The Play That Goes Wrong
Henry Lewis, Jonathan Sayer and Henry Shields
Grand Opera House, York
Whenever I review a show by Mischief Theatre, I feel obliged to begin by acknowledging their extraordinary success. Not content with conquering the West End and transporting their distinct brand of silliness to dozens of countries all over the world, the second season of The Goes Wrong Show has just started on BBC One this week. At the moment, Mischief seems unstoppable.
It’s been three years since I last reviewed The Play That Goes Wrong—the show which launched the Mischief phenomenon—and it remains an impeccable piece of work: deliriously funny, frantic and fast paced.
Like Michael Frayn’s comic masterpiece Noises Off, where we watch an old-fashioned sex farce going spectacularly off the rails, The Play That Goes Wrong depicts a stage production falling apart at the seams. In the latter case, however, it is an amateur production of a made-up murder mystery (Murder at Haversham Manor) inspired by Agatha Christie’s perennially popular The Mousetrap.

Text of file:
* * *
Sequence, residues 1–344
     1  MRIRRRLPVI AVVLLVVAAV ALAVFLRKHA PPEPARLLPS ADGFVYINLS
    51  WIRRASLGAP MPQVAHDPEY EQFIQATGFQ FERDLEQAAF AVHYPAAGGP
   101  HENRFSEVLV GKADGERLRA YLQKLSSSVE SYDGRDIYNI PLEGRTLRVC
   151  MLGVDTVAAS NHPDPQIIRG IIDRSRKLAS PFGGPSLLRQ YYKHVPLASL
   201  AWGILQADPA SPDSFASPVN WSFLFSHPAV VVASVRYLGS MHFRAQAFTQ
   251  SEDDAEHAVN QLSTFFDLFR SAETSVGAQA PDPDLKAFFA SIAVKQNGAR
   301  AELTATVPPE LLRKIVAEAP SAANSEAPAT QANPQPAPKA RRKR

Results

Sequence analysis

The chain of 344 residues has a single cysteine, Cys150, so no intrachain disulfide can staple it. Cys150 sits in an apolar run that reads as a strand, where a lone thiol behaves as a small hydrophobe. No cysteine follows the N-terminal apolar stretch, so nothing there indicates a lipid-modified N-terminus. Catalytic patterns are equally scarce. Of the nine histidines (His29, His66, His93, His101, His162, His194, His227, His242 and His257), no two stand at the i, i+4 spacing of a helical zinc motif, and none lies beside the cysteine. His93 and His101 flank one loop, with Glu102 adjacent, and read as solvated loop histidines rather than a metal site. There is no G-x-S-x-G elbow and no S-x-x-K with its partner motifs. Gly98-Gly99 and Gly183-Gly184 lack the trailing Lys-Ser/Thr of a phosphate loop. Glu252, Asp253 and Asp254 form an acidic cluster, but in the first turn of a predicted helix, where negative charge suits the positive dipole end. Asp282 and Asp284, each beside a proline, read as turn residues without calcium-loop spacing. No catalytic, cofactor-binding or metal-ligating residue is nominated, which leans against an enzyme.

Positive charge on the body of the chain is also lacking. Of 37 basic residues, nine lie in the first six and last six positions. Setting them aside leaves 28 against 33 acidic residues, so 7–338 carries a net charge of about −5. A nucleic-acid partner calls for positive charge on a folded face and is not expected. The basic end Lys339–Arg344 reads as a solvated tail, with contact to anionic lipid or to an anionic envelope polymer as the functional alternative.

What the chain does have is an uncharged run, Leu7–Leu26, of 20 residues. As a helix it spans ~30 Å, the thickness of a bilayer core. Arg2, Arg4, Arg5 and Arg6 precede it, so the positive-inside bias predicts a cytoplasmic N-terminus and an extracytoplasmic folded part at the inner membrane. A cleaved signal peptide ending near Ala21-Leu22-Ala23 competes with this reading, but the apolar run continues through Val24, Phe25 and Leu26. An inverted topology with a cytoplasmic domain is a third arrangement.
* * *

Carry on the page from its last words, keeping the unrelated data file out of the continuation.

Every theatrical mishap possible is included in this show, from faulty props to actors forgetting their lines to parts of the set collapsing. Furthermore, the mistakes occur at a ferocious rate, resulting in moments of comedic chaos that reduced my fellow audience members to quivering jellies.
As with previous Mischief shows, I was deeply impressed by the ensemble cast. Tom Bulpett is hilarious as Chris, the long-suffering director of the Cornley Polytechnic Drama Society, and he responded brilliantly to a young heckler whilst looking for a missing prop. Tom Babbage excels as Max, the kind of performer who can’t resist playing up to the audience no matter how inappropriate it is, and there is a riotous “thesp-off” between April Hughes and Laura Kirman for the only female role.
Edward Howells impresses as a tongue-tied actor who can’t pronounce words like “cyanide”, and Leonard Cook’s mounting exasperation is beautiful to behold. Praise must also go to Seán Carey as the resolutely undead murder victim and Gabriel Paul’s disastrously disorganised sound engineer.
The Play That Goes Wrong is not perfect: some jokes outstay their welcome and occasionally the amount of onstage pandemonium becomes wearing. Nonetheless, it remains one of the funniest shows I’ve seen on stage, and I continue to marvel at its intricate detail and comic ingenuity.
Reviewer: James Ballands